Bow strokes help

Bow strokes help

Hi This Paul again everyone. This time I need a little help on bow strokes for the fiddle. My cousin picked up a fiddle lately and is finding the strokes hard to master. Is it D U D U D U D U for reels on the fiddle. When he starts Drowsy Maggie he plays the first E2 on a down and the B on an up. Wouldn’t that mean that is he playing the on beats on an up stroke and is that okay. He finds that way much easier but it goes against everything I learned on strokes. Give me an idea of the strokes for jigs and reels on the fiddle because I play the banjo. What works for the banjo might not work for the fiddle. Is a light bow or heavy bow better? Thanks

Re: Bow strokes help

I think Drowsy Maggie has some tricks in it for a fiddler. I’ve been taught to cross-bow that tune in the first part DD UU DD. Other, more typical, reels have a DUD UUU DU bowing pattern. Still, some people demand single bowing all tunes, though I’ve never been around anyone who does that strictly.

Anyway, I seem to remember there are some wonderful threads about this subject on The Session. Try a search and see if there is any helpful information!

Re: Bow strokes help

dont do single bow strokes - you’ll end up sounding classical!

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Re: Bow strokes help

An abundance of single bow strokes is also a hallmark of many great Northern fiddlers…put an ear to John Doherty, Altan’s Mairead ni Mhaonaigh, etc.

Yup, we covered a lot of ground on bowing in other threads. Try searching for "bowing patterns" and "slur" to key in on some of the more detailed discussions.

And remember, bowing is simple: the bow goes up and the bow goes down. You can combine notes (slurring) in either direction, and where you change direction will influence how you give life to the beat. It’s important to be able to emphasize notes and the beat equally well with a down bow or up bow, and even in the midst of a slur. But bowing is also highly individual and (evenutally) freeform, so try everything. There are very few absolutes—"you MUST do it this way," or "NEVER do this." Just try things and see what works for you. Also, find a teacher or good player to mentor you. Good first-hand guidance usually quickens the learning process.

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Re: Bow strokes help

As Will says, it’s important to be able to do things equally well with the down or up bows. However, at the begining, it helps to pick a pattern for each tune type, at least it did for me.

Kevin Burke’s fiddle videos helped me a fair bit. I used his bowing patterns to get a feel for how a tune type sounded and to get comfortable - both the patterns provided on the sheet music and how he actually does it in the videos. Somehow this helped a lot with all the right-hand stumbling. Don’t get stuck on the patterns though, you don’t want to be married to them for life. I don’t focus on using his patterns anymore - sometimes use em (particularly if I’m stumbling over a new tune) and sometimes don’t - but they provided a starting point. It also helps to think about what Stephen Grappelli said about how he doesn’t think about the bow but his hand as if he was using it to do the actually playing [ Will posted the exact quote somewhere in one of the discussions, but I can’t seem to find it - anyway, that’s the gist of it, I think.]. Whenever the stumbling gets going, focusing on the hand, instead of the bow, helps smooth things out for me. (not sure why, maybe cus my mother said long sticks could poke someone’s eye out if you played with them?)…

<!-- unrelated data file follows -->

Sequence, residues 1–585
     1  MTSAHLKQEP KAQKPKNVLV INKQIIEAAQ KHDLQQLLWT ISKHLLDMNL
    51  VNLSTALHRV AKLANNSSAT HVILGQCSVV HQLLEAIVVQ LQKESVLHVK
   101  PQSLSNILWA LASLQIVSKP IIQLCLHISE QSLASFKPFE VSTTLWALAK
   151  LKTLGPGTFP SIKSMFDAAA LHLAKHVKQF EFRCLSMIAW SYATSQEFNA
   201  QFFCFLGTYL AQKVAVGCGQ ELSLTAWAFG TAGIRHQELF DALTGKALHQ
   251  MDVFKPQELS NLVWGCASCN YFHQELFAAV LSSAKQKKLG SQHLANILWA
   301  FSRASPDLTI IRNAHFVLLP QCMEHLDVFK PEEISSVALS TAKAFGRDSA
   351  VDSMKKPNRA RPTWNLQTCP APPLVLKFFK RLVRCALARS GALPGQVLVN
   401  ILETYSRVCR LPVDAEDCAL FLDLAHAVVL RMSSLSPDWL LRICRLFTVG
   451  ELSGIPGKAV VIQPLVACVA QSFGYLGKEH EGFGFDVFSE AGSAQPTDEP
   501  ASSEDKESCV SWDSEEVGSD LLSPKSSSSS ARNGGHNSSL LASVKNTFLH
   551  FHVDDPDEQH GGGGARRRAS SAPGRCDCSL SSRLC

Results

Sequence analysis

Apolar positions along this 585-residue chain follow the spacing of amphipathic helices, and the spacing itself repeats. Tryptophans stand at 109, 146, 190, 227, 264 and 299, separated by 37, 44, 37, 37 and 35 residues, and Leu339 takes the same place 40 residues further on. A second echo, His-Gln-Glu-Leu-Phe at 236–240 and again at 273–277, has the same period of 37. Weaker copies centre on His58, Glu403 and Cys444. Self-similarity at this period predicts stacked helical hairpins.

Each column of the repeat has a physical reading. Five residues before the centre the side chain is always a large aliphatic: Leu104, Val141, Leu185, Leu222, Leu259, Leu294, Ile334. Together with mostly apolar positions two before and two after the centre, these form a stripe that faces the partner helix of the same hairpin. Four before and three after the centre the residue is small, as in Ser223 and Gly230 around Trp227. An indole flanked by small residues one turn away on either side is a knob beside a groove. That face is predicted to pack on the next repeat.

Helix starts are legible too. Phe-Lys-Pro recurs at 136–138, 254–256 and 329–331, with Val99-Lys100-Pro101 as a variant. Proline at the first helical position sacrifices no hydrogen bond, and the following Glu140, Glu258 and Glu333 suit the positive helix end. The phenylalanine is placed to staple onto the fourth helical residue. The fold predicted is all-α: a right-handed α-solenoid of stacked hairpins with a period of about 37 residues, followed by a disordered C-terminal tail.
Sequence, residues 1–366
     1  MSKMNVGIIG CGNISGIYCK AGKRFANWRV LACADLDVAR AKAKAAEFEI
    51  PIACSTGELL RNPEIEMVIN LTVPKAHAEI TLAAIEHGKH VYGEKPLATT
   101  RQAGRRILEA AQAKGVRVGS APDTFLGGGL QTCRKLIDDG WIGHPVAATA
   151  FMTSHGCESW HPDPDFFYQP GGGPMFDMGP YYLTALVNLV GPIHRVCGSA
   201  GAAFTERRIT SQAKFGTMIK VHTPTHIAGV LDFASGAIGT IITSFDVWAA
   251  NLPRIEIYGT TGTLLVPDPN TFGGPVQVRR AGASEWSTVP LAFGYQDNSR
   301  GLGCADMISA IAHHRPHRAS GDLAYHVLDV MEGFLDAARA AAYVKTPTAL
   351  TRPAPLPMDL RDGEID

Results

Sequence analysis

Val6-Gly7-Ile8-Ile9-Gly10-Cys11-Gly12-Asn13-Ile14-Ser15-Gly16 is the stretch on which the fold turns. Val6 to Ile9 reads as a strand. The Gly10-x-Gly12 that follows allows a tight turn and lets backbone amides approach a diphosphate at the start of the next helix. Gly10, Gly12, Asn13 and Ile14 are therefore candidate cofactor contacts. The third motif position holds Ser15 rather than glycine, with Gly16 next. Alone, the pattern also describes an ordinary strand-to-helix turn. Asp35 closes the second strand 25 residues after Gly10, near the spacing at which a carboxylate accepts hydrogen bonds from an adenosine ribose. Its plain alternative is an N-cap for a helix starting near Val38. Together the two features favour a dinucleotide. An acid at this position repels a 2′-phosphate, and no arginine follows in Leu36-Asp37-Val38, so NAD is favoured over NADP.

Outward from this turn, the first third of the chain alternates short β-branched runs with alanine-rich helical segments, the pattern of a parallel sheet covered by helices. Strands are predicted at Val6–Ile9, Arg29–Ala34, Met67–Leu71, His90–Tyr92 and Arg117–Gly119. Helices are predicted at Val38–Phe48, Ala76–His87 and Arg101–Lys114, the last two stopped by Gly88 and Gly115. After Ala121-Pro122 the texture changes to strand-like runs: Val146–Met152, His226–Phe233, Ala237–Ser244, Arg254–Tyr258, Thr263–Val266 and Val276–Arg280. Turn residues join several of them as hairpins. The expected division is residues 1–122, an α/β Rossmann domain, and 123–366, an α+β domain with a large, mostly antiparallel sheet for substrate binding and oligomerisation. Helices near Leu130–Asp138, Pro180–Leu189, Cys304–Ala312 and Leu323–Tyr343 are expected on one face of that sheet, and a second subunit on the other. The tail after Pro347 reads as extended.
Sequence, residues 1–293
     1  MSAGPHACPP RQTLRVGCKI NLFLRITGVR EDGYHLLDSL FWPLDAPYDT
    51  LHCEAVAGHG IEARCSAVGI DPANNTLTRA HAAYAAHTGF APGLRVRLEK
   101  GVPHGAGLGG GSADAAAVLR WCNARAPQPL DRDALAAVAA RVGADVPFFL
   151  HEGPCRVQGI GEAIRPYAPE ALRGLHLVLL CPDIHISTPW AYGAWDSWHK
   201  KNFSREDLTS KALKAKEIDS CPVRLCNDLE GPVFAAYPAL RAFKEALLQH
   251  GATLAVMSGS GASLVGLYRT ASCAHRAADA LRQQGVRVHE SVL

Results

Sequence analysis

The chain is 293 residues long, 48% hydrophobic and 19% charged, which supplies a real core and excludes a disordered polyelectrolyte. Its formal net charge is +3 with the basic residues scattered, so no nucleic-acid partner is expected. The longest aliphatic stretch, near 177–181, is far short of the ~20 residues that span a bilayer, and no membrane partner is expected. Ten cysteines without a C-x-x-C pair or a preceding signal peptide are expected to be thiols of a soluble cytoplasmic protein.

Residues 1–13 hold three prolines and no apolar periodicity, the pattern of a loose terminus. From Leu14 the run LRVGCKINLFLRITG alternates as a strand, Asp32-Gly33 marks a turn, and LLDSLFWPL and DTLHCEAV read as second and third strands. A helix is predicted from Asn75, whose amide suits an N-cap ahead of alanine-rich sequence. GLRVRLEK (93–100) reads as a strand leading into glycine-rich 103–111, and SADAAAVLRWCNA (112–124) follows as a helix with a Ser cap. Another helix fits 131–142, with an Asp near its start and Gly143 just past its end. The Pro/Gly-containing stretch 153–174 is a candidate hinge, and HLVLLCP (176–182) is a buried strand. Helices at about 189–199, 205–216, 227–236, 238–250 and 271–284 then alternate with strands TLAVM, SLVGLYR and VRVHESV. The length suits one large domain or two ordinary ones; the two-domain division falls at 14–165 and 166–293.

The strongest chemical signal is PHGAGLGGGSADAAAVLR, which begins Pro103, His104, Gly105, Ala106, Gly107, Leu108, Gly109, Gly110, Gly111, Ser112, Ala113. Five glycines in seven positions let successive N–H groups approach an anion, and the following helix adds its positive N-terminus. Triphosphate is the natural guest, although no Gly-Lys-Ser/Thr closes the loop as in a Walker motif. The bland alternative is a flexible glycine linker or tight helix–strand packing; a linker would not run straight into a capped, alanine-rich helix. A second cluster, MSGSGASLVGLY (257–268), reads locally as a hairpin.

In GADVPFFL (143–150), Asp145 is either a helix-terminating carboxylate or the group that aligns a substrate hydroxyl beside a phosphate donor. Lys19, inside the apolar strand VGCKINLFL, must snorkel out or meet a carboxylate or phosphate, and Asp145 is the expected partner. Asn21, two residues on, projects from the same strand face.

Re: Bow strokes help

Hi - it’s Helen, and as a classical fiddler (is there such a thing?) I’ve been following with interest what you’ve all been saying about bowing. Grappelli said it well. I find if I think of the sound I want, like singing, many bowing problems disappear and the music works well. But you have to be relaxed enough. For me, when I want to practise something hard, I like to do it in as many different ways as I can think of. This loosens me up.

Re: Bow strokes help

It’s like tongues in flute playing. Sounds rubbish if you tongue every note. Try playing a tune with just a single direction of the bow. Let the finger decorations do the whole lot. This is good practice for any who feels the overbow

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